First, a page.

Following the landings on D-Day, the allies also needed to isolate the invasion region to hinder German supplies and reinforcements sent to the Normandy front. A plan known as "Transportation" involved bombing bridges, railway lines and marshalling yards, which proved costly to French civilians, with close to 15,000 perishing in the bombardment. Nearly 70,000 French were killed by allied bombing and shelling during the whole war, more than the total number of British non-combatants killed by the Luftwaffe and the flying bombs. The allies' reliance on massive bombing and shelling, in the hope of reducing their own losses to avoid angry questions at home, revealed perhaps the worst paradox of democracy at war.
But once German panzer divisions arrived, the British and American armies found themselves bogged down in a terrible war of attrition. The savagery of the fighting meant that the German casualty rates alone were double the average on the eastern front. General Montgomery was forced to make a virtue out of a very sore necessity. With his British and Canadian forces facing the bulk of the SS panzer divisions, all he could hope to do was to tie them down until the Americans were able to break through in late July, launching Operation Cobra. This drive southwards, parallel to the Atlantic coast, enabled General Patton's Third Army to break out into Brittany and then swing east towards the Seine.
Normandy was devastated by the fighting, but its martyrdom saved the rest of France from serious damage. Amid scenes of the wildest jubilation, General Leclerc's Second Armoured Division advanced into the centre of Paris on 25 August following a rising by the French resistance. After the euphoria of liberation had subsided, many French began to denounce neighbours and rivals as collaborators and there were plenty of instances of head-shaving of Frenchwomen accused of collaboration horizontale with German occupiers.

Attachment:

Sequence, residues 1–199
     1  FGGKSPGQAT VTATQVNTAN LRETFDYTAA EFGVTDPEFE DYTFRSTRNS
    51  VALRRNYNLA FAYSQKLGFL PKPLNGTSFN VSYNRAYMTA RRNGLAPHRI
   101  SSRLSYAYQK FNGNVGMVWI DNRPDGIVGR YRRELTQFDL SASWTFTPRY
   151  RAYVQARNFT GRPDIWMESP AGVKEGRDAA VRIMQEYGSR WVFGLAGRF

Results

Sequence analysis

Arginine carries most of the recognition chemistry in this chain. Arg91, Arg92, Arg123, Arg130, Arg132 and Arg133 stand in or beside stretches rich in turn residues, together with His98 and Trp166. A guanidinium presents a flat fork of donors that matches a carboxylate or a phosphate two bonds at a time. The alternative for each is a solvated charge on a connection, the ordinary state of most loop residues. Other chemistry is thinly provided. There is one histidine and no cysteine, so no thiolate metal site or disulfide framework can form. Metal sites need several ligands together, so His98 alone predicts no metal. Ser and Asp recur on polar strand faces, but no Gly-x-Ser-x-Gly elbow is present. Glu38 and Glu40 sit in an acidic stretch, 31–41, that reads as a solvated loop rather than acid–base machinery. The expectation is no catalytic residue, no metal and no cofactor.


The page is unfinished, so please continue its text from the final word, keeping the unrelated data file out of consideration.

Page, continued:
At this point many were optimistic that the war would be over by Christmas. The Red Army was close to East Prussia and sweeping into the Balkans. The Romanians had surrendered. The Finns had sought an armistice with the Soviet Union. The British were dashing across Belgium towards Holland, Patton's Third Army had already reached the Moselle, and in the centre other American forces had crossed the border from Luxembourg on to German soil.
On 17 September, Montgomery, with uncharacteristic rashness, ordered paratroop drops on the bridges over the Maas, the Waal and the lower Rhine at Arnhem. The British XXX Corps would charge up the road to relieve them, but constant delays meant that they never got through. Also, British commanders discounted intelligence reports that two SS panzer divisions had recently moved to the area. Operation Market Garden, as it was called, collapsed after 10 days. All the exaggerated optimism earlier in the month evaporated. It was to be a hard winter for the allied troops along the German frontier and in Italy. The Americans were to suffer particularly badly in the fighting for the Hürtgen forest and combat exhaustion casualties mounted alarmingly.